Pounding of cast iron

Jointly with some large customers, Römheld & Moelle addresses the development subject "Machine hammered peening of cast iron", also called "Pounding of cast iron surfaces".
This production process is continuously gaining importance and is increasingly used by more and more companies in tool making because it represents a minimized effort for the processing of cast iron surfaces that come in contact with the sheet metal when the tool is used.

In the past, the milling paths had to be ground manually after these surfaces were machined, which required effort and which was time-consuming. Since the result of the work step depends on the technical ability and the skill of the tool maker, the result of this work is individual and not reproducible and therefore it will be repeated several times until the result is in accordance with the required high accuracy. This means that the effort per component is on average more than two weeks in shift operation.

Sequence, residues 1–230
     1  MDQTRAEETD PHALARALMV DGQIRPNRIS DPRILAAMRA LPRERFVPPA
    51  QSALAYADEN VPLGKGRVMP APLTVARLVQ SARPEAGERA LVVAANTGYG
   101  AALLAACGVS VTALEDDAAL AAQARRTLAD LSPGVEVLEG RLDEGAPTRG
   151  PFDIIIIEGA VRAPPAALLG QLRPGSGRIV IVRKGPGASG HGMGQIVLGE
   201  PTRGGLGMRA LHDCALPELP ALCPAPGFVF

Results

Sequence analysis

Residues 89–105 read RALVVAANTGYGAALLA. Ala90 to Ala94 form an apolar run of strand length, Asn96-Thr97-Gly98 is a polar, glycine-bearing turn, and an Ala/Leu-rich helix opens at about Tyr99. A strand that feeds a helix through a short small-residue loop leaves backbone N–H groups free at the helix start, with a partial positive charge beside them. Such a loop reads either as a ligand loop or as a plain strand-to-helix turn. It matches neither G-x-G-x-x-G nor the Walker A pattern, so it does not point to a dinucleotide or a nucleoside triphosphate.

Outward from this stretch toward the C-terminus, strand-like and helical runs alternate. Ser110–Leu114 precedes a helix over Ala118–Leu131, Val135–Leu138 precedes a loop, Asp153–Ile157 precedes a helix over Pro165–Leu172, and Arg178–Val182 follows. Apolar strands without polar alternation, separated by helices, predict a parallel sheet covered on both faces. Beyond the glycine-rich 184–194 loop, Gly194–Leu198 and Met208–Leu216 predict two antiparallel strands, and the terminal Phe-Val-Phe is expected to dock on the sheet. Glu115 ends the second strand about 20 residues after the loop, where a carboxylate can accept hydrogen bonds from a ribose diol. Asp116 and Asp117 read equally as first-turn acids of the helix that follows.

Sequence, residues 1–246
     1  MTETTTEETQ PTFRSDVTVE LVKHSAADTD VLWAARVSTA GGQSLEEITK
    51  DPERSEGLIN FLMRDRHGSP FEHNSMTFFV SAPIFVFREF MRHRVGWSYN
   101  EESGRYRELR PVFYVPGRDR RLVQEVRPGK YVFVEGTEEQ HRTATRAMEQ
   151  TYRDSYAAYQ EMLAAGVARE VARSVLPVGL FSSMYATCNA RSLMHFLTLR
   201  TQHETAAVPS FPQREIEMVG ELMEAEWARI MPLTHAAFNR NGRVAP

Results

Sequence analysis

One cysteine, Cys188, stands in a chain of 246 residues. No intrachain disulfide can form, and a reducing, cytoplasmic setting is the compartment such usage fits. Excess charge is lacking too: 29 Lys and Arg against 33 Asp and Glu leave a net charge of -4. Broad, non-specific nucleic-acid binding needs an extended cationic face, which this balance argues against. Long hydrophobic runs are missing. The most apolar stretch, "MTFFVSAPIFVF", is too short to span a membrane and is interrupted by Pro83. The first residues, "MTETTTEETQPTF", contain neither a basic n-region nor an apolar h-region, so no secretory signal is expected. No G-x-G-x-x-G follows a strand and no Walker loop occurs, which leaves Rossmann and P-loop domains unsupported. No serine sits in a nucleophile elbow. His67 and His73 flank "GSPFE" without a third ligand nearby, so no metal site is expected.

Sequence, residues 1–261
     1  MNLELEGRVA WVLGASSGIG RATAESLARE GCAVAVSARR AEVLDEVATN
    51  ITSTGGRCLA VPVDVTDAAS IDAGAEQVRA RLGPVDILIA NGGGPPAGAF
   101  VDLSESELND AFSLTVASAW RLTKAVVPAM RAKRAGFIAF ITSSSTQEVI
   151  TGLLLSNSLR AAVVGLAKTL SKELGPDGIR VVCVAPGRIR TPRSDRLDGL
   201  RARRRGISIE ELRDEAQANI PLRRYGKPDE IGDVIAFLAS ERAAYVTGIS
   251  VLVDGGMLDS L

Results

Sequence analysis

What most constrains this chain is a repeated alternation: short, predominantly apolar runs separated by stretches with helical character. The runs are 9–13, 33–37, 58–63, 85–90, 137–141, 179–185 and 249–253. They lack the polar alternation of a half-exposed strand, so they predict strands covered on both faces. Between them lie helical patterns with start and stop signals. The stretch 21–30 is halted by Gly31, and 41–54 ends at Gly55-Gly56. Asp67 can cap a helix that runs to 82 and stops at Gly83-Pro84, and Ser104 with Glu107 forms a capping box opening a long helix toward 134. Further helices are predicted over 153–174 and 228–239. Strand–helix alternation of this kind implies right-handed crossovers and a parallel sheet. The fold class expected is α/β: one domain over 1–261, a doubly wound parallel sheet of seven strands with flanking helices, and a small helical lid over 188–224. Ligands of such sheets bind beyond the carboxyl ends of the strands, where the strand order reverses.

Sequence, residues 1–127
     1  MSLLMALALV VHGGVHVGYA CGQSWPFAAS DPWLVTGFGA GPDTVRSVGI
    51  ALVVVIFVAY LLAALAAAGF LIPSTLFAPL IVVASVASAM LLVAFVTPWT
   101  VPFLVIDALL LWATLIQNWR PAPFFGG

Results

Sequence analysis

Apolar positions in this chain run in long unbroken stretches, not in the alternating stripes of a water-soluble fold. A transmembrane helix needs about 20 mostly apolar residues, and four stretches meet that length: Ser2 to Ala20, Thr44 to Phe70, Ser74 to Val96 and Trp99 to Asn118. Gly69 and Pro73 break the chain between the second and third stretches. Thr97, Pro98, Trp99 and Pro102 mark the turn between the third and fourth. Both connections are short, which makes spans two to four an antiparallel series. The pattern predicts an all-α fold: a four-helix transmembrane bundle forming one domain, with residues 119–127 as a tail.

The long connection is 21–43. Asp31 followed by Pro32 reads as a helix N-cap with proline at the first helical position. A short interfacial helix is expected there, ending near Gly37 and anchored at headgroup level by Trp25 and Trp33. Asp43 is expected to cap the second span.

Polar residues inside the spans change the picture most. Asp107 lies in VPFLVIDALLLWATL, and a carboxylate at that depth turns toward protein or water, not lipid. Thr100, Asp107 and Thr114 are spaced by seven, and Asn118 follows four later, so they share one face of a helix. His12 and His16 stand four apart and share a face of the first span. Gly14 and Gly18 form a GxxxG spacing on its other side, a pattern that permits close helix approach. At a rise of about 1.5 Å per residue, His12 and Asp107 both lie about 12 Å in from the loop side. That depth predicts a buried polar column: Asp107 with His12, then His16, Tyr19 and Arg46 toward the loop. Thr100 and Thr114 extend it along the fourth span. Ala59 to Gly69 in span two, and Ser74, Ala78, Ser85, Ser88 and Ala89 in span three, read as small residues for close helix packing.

A reproducible process achieves a highly precise result since the cast iron surfaces will be pounded by a machine and no longer be ground manually after the milling process. The time required for the mechanical system in contrast to the manual processing is a total processing duration of only approximately 70 hours, which - provided by a machine - can be performed during a weekend or at night. In addition, the surface processed this way provides a surface structure that is very hard and which - due to its structuring - supports the flow of the sheet metal and reduces the tool wear.

We are interested in a technical cast and metallurgical optimization of the surface-adjacent cast iron quality. The hammering results in an extremely high punctual stress of the cast matrix. Small discontinuities in the micro-structure result, for example, in dents and bulges, which can have a negative impact on the results of the forming process. These finest discontinuities are hardly or not at all determinable before the hammering.

After several years of work, we have developed a method, which results in an especially fine and dense basic matrix of our cast iron near the surface. We were also able to apply experiences of our business segment "Machine casting", which produced for many years highest stressed machine parts such as gas turbines and ship propulsions with very high metallurgical requirements.

Jointly with some large customers, we have so far produced internal and structure parts as well as large external skin parts in "pounding cast iron quality". We were able to meet the high quality requirements in all cases.

This is an exciting result.


Picture 1: Machine-hammered surface sample body